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UBC Theses and Dissertations

Tubulobulbar complexes contribute to basal junction remodeling in the rat seminiferous epithelium Du, Min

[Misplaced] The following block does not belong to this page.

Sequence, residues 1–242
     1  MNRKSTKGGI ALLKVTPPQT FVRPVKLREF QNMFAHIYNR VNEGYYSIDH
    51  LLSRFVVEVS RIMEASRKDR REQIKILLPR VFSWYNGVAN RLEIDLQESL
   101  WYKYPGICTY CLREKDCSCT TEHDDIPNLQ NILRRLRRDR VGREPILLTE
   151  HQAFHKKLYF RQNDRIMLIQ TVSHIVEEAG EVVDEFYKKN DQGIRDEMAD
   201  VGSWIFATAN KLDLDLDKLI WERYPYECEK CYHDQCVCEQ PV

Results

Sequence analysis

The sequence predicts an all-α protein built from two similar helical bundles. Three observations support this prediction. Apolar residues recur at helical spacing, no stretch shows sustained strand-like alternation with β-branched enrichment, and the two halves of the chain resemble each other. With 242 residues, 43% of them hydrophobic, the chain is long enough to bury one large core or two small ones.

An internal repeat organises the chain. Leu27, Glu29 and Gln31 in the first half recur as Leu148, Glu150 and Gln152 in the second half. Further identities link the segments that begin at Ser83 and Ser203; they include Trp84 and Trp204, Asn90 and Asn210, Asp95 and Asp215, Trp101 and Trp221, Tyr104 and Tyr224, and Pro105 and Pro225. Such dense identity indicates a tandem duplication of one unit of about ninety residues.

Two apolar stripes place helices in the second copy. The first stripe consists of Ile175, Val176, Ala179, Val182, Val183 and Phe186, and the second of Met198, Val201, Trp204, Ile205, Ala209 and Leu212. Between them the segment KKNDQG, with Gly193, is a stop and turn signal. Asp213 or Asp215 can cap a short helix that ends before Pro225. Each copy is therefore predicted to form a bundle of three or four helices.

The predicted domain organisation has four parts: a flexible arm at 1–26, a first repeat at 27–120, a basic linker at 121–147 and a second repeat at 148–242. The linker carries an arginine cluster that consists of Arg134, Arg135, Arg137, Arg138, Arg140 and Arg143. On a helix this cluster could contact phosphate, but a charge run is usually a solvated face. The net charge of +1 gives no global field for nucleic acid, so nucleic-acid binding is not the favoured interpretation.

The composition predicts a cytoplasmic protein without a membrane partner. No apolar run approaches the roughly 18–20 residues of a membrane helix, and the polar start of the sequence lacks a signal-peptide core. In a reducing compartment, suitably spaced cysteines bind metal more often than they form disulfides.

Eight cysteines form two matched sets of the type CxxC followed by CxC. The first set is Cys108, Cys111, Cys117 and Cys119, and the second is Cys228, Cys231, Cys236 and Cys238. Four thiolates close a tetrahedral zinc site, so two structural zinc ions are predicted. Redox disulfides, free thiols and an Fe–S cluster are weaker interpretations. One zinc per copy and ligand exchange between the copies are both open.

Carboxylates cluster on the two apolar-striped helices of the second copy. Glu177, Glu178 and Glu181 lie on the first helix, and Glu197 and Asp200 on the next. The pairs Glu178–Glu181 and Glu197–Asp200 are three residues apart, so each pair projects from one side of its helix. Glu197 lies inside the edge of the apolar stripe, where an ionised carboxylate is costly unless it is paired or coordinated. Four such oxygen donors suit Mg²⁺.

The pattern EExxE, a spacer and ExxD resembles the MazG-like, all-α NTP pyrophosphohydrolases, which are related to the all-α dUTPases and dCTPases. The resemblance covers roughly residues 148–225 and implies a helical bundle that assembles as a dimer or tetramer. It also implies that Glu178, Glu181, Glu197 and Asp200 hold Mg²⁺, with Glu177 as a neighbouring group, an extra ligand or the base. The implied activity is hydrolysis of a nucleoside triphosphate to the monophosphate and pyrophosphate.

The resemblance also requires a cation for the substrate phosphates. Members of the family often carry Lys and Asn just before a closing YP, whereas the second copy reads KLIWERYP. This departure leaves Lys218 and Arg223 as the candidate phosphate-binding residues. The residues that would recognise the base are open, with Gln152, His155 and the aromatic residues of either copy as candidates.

Tubulobulbar complexes are cytoskeleton-related membrane structures that develop at sites of intercellular attachment in the mammalian seminiferous epithelium. At apical junctions between Sertoli cells and spermatids the structures internalize adhesion junctions and are a component of the sperm release mechanism. Here I explore the possibility that tubulobulbar complexes that form at the ‘blood-testis barrier’ are sub-cellular machines that internalize basal junction complexes. Electron microscopy reveals that morphologically identifiable tight and gap junctions are present in basal tubulobulbar complexes in rats. In addition, immunological probes for claudin-11 (CLDN11), connexin-43 (GJA1), and nectin-2 (PVRL2) react with linear structures at the light level that I interpret as tubulobulbar complexes, and probes for early endosome antigen 1 (EEA1) and Rab5 (RAB5A) react in similar locations. Significantly, fluorescence staining patterns for actin and claudin-11 indicate that the amount of junction present is dramatically reduced over the time period that tubulobulbar complexes are known to be most prevalent during spermatogenesis. I also demonstrate, using electron microscopy and fluorescence microscopy, that tubulobulbar complexes develop at basal junctions in primary cultures of Sertoli cells. These structures not only morphologically resemble their in vivo counterparts, but they also contain junction proteins. I use this culture system together with transfection techniques to show that junction proteins from one transfected cell project into and are likely internalized by adjacent non-transfected cells as predicted by the junction internalization hypothesis. On the basis of my findings I present a new model for basal junction remodeling as it relates to spermatocyte translocation in the seminiferous epithelium.

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